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T. Maccius Plautus, Rudens, or The Fisherman's Rope (ed. Henry Thomas Riley), act 3, scene 5 (search)
Phaedrus, The Fables of Phaedrus (ed. Christopher Smart, Christopher Smart, A. M.), book 3, The Trees Protected (search)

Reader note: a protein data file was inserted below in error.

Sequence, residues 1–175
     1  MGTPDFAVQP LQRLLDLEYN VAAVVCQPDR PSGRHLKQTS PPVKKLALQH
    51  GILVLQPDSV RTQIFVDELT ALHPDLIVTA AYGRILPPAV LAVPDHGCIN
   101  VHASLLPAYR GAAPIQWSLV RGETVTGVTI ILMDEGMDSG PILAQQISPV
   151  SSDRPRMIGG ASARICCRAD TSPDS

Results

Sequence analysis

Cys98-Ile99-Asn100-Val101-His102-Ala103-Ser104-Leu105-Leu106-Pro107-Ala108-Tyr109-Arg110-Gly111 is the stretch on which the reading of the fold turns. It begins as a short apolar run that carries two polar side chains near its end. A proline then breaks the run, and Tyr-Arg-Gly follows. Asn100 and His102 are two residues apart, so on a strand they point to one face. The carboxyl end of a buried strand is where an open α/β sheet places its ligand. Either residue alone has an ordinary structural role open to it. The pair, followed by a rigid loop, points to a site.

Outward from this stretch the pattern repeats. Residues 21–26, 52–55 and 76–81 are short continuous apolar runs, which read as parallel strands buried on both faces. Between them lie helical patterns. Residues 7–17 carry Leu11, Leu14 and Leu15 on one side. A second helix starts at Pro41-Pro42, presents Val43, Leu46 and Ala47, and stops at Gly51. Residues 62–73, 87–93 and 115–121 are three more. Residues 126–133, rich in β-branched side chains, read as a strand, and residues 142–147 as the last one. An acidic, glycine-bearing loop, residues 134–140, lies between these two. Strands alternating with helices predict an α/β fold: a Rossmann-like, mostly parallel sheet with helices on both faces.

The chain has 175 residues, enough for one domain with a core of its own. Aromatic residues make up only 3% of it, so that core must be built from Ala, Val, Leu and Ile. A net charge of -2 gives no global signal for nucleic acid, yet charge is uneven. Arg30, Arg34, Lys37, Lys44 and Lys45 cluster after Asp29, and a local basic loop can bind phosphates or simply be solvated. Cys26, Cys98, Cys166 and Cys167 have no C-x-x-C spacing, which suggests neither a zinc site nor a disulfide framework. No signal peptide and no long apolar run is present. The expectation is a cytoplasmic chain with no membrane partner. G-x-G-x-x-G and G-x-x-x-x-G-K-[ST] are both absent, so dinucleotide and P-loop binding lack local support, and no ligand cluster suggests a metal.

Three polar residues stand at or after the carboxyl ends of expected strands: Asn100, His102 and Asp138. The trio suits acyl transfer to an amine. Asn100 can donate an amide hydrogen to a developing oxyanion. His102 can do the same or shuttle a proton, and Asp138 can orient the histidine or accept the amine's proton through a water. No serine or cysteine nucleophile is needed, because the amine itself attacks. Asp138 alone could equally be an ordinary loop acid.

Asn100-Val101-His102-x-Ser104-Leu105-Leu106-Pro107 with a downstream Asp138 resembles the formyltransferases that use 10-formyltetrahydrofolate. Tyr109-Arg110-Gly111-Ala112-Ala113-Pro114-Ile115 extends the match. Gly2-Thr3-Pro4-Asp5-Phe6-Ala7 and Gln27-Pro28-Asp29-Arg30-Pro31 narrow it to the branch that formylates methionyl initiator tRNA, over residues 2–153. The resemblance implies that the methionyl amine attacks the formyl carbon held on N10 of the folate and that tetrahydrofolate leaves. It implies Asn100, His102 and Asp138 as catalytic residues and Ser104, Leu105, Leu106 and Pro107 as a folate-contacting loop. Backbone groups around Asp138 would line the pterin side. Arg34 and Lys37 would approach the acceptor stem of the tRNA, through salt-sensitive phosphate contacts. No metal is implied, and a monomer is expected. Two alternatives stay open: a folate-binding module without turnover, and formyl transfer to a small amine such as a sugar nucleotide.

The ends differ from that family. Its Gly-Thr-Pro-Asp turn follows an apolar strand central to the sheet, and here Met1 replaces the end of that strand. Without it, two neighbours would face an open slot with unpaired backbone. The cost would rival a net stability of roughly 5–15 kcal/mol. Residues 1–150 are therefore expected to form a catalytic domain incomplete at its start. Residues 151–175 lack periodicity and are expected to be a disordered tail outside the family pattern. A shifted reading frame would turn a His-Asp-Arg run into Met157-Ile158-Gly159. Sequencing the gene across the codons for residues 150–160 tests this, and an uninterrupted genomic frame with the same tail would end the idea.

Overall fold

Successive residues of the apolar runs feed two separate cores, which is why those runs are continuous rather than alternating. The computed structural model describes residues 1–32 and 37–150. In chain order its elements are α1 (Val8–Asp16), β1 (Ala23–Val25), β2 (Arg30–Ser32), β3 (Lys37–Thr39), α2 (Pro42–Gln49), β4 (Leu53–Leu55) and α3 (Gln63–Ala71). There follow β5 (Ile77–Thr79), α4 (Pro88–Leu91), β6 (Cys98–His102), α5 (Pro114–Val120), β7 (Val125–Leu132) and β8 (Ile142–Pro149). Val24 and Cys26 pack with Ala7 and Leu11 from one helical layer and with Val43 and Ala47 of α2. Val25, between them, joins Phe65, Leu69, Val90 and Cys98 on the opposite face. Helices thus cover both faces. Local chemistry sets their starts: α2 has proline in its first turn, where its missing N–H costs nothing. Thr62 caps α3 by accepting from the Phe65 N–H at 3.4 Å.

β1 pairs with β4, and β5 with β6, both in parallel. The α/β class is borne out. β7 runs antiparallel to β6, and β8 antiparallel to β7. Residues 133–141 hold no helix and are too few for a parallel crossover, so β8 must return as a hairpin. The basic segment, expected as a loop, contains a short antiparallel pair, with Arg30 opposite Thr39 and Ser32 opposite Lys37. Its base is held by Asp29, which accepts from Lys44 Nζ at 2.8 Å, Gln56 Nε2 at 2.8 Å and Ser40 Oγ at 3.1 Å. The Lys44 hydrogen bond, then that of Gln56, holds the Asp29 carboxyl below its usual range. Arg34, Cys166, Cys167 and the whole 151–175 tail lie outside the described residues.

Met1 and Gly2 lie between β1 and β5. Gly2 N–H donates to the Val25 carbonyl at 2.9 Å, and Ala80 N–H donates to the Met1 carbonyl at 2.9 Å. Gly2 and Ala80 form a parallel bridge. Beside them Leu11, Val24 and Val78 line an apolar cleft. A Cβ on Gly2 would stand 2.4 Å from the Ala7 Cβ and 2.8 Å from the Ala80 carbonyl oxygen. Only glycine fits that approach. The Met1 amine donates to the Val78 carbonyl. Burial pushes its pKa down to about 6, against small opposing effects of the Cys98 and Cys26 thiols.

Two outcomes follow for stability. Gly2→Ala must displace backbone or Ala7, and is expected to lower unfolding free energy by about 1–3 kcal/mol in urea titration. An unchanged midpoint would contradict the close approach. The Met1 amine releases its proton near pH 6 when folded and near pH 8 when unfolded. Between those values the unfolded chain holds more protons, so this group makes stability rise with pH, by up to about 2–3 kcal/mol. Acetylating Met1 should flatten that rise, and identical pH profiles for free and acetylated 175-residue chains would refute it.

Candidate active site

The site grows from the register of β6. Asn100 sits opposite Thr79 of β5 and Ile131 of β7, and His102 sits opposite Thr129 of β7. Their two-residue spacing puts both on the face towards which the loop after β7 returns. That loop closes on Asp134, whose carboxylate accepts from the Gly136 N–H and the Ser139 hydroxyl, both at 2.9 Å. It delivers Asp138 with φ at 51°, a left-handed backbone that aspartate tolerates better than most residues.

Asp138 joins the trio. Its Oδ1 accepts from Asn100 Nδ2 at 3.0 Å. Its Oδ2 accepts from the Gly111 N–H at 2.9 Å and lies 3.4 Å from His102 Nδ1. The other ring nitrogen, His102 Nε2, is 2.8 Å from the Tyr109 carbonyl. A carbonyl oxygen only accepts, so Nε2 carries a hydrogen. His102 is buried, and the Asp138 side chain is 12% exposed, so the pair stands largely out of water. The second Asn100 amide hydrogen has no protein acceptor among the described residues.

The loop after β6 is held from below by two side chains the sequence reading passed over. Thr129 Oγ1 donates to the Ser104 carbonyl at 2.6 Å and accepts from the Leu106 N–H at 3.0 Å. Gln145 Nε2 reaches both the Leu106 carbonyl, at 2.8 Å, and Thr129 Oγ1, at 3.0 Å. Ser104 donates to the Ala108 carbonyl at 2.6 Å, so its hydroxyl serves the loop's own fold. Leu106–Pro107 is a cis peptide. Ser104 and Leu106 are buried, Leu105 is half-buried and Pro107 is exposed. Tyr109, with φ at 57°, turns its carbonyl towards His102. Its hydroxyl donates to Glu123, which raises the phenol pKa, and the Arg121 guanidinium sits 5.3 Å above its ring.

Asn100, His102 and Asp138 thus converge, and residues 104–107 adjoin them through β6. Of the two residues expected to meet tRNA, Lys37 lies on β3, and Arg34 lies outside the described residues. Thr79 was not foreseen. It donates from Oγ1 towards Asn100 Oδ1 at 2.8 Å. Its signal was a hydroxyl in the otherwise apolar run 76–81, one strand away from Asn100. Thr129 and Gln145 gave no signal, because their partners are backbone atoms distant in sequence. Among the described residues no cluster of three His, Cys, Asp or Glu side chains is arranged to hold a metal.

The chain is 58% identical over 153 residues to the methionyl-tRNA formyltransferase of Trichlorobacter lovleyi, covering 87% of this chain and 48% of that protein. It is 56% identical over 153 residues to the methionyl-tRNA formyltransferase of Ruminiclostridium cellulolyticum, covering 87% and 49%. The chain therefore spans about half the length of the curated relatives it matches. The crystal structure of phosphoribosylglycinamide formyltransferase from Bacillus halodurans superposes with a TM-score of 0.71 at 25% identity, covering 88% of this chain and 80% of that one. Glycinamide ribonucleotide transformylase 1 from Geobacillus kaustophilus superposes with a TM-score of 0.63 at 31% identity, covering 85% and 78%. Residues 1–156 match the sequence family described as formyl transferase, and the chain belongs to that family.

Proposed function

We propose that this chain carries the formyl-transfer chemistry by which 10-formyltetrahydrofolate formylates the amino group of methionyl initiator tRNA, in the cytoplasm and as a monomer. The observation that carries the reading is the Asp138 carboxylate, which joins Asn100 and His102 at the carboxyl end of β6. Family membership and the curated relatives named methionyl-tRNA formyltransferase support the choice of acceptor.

The Trees Protected The gods took certain trees (th' affair Was some time since) into their care. The oak was best approved by Jove, The myrtle by the queen of love; The god of music and the day Vouchsafed to patronise the bay; The pine Cybele chanced to please, And the tall poplar Hercules. Minerva upon this inquired Why they all barren trees admired ? " The cause," says Jupiter, "is plain, Lest we give honour up for gain." " Let every one their fancy suit, I choose the olive for its fruit." The sire of gods and men replies, " Daughter, thou shalt be reckon'd wise By all the world, and justly too; For whatsover things we do, If not a life of useful days, How vain is all pretence to praise !" Whate'er experiments you try, Have some advantage in your eye.